Looking into the science, one finds a few major ‘holes’ in the methodology behind the ill-fated fill-in mission: First of all, Mountain Lake has a lot of drains, and its sedimentary bottom is constantly shifting. Geologists now suggest that no matter how many holes construction crews try to fill in the fissures, more would inevitably open up over time. In fact, as recently as August 2014, researchers discovered a new outlet in the bottom of Mountain Lake, post-‘renovation,’ that was estimated to be draining up to 1 million gallons of water a day.
Unlike Old Faithful, there are other geysers on the planet. There is no other lake that does what Mountain Lake does, period. Dr Jon Cawley
And once again, there are theories that many of the springs and streams helping to fill up Mountain Lake are actually coming in from underground. Simply “paving” the lake, whether with “natural” sediment dumps or the thankfully veto-ed concrete idea, could actually inadvertently block those much-needed water sources.
Another methodological issue with the fill-in attempt, says Dr. Cawley, is that even after all these years, researchers still don’t fully understand how the hydraulic locking process works in the lakebed. The only thing they do know is it’s operating according to rules unlike nowhere else on the planet.
And messing with that delicate system any further could also potentially damage the geology and ecosystems of the lake over time.
“There is one big difference in that [Yellowstone] analogy though,” adds Dr. Cawley, a little bit later on in the interview. “Unlike Old Faithful, there are other geysers on the planet. There is no other lake that does what Mountain Lake does, period.”
It’s 2015 and Mountain Lake still has no lake.
Even those who originally lauded the hotel’s “whack-a-hole” operation have been forced to change their hubristic approach toward the mysterious body of water.
For now, the Mary Moody Northern Endowment says it will no longer invest any more cash in throwing materials – natural or artificial – down into the lake’s perplexing holes. And today, it’s clear that Mountain Lake Lodge’s latest marketing approach has become decidedly less water-centric.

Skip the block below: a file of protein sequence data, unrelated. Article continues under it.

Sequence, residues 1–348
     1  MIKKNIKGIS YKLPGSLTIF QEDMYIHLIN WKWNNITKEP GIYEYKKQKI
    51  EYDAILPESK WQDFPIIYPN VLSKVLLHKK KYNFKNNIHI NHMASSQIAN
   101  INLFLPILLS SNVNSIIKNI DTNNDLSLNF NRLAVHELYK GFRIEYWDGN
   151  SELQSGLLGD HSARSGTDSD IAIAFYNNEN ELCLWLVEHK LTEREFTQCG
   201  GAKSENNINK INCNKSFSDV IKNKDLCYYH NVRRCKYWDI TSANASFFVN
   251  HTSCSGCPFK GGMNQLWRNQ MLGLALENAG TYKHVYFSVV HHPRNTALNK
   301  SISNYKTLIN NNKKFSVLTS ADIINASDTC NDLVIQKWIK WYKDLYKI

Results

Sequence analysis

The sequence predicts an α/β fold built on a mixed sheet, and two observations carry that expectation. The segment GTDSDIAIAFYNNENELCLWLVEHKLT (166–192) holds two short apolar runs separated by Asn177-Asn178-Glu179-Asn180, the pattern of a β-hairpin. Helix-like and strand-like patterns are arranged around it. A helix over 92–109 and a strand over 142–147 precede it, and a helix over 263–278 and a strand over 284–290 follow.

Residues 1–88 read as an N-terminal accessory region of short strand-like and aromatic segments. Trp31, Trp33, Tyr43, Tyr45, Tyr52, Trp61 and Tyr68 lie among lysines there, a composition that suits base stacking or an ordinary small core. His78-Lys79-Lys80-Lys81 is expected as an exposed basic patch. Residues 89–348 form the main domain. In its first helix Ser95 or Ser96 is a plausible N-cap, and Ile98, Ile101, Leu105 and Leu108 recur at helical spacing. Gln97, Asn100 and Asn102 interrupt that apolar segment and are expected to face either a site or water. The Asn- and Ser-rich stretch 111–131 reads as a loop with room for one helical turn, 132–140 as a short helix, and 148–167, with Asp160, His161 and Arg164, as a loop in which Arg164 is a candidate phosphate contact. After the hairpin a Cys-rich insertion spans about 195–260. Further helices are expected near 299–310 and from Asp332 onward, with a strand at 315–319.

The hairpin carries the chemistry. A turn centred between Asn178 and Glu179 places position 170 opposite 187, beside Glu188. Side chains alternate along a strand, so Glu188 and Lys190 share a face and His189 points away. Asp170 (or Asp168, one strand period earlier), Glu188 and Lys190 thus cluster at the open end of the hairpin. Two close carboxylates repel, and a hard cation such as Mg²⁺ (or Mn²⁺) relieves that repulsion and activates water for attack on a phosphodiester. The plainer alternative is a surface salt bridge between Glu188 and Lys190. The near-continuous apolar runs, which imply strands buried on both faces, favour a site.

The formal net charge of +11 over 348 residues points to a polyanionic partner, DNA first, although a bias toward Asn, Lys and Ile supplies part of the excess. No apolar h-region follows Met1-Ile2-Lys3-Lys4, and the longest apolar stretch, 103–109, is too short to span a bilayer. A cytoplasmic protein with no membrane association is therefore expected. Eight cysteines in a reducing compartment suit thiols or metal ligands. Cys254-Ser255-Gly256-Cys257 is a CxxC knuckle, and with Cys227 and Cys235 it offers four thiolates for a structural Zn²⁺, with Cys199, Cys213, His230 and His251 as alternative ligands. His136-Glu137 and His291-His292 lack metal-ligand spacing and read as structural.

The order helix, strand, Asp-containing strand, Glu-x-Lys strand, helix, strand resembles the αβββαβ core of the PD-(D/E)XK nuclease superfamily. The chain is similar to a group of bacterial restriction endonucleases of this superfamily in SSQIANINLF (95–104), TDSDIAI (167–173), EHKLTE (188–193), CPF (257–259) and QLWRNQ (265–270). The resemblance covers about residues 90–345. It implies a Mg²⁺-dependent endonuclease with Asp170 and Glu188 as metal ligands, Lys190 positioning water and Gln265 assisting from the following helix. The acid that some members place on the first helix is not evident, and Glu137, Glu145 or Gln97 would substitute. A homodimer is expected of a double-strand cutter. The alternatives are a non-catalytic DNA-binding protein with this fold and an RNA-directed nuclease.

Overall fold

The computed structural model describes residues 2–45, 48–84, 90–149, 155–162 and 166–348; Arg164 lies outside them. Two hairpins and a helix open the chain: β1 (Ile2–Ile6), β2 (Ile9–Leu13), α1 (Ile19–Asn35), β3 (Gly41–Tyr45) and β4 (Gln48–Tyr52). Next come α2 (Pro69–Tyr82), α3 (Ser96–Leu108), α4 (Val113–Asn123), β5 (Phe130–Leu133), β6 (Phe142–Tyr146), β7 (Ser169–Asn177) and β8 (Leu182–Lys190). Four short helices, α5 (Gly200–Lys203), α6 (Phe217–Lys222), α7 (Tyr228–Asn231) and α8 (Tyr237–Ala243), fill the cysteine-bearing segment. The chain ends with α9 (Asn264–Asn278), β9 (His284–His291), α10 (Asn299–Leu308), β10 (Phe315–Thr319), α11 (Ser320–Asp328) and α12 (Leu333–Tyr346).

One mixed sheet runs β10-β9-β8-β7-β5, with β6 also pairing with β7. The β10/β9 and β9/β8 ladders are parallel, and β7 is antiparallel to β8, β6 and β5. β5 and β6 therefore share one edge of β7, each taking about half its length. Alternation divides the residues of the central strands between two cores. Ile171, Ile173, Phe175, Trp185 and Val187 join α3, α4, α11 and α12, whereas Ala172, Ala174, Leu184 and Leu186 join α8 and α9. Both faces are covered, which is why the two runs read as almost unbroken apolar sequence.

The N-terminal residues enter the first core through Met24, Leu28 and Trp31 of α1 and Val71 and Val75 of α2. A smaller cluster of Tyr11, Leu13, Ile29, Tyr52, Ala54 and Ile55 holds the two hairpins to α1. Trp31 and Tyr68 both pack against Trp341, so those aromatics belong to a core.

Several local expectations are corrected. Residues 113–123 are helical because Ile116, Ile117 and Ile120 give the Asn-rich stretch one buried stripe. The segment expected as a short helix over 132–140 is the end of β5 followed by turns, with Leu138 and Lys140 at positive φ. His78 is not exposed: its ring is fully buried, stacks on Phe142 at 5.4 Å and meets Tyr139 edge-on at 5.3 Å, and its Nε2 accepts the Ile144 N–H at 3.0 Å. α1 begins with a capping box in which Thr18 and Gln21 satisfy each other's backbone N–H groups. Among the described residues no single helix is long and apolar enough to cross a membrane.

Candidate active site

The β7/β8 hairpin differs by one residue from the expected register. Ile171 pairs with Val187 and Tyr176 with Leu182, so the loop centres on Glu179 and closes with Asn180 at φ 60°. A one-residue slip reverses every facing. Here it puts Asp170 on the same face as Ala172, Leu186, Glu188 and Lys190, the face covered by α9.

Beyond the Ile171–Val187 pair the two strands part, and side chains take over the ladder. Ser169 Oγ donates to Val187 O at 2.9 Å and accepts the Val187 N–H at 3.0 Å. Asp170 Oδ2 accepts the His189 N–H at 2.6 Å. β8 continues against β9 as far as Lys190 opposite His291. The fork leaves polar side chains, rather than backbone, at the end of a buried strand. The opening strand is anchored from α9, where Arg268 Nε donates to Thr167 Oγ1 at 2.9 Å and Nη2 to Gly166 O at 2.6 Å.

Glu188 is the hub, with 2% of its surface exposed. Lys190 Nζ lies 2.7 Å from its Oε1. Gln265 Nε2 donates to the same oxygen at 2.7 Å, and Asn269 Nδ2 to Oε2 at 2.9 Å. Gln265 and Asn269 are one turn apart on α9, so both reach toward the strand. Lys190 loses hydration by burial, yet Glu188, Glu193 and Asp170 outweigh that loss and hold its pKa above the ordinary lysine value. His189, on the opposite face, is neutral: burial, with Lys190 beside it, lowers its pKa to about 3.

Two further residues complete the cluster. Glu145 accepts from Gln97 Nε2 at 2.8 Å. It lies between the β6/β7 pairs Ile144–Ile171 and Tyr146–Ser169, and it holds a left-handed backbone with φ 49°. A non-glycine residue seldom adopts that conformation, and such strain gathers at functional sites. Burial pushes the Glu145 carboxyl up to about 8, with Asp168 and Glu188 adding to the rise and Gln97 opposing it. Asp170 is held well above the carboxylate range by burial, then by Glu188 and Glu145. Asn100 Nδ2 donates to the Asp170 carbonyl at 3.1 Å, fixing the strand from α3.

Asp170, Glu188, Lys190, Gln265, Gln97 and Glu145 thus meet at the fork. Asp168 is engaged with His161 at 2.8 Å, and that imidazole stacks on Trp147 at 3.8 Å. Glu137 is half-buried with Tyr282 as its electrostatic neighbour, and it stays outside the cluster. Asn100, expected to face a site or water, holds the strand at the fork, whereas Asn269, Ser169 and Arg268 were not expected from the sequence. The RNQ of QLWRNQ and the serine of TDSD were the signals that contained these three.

As for research on the geologic anomaly: “We’ve focused so long on where the water is going, we’ve not been paying attention to where the water comes from,” said Dr. Skip Watts during an interview with local papers in 2014. That’s where the final Mountain Lake debate comes into play: How did that crystalline body of water get so up high in the Virginia mountains in the first place?
Until very recently, the prevailing theory relied on a landslide. The story goes, that thousands of years ago, falling earth created a partial natural dam that stopped up one end of a stream, flooded the surrounding mountaintop meadow and eventually, over the years, created the massive lake basin we see today. However, Dr. Jon Cawley, who worked as a professional geologic consultant in southern Pennsylvania for years before he had even heard of Mountain Lake, challenges that theory.
“I know landslide situations, and they don’t produce a lake like that,” says Dr. Cawley. As an alternative, the geologist points to several tectonic formations that fit like puzzle pieces beneath the water.
According to topographic maps of the region, Mountain Lake overlays three distinct geologies: The shallow section of the lake basin, located near the hotel, has a bottom made up of Martinsburg shale. The deepest section, towards the North end of the body of water is underlaid by Clinch sandstone. Then, a transitional section in the middle of the lake, mainly Juniata sandstone, acts as a buffer zone between the two.
Each portion operates by entirely different geologic rules, and each rock, interestingly enough, overlays what Dr. Cawley calls a mysterious “linear formation” that jaggedly cuts across the bottom of the lakebed. That linear formation, Dr. Cawley explains – which is similar to a fault but not necessarily active tectonically – is precisely where the major holes in the bottom of Mountain Lake are located. The crack also lines up directly with Pond Drain, the major stream that pours water out of the lake.
What’s more, the feature runs directly perpendicular to the Saltville Fault, an active seismic crack which stretches from Virginia all the way to Alabama, which has produced earthquakes in the mountainous region as recently as 2011. Dr. Cawley now thinks that “linear feature” may actually be an adjustment fault, which could potentially have drastic ramifications for the lake over time.
“The people at Radford are still working on the assumption of a landslide,” Dr. Cawley says, a hint of irony in his voice.
But after explaining three more highly technical reasons why it could not possibly be a landslide, the scientist stops himself. “I am going to ask you to be slightly circumspect on that. It’s going to be in my upcoming argument,” he warns, referencing an upcoming paper he is working on with Smithsonian scientists to further prove the theory.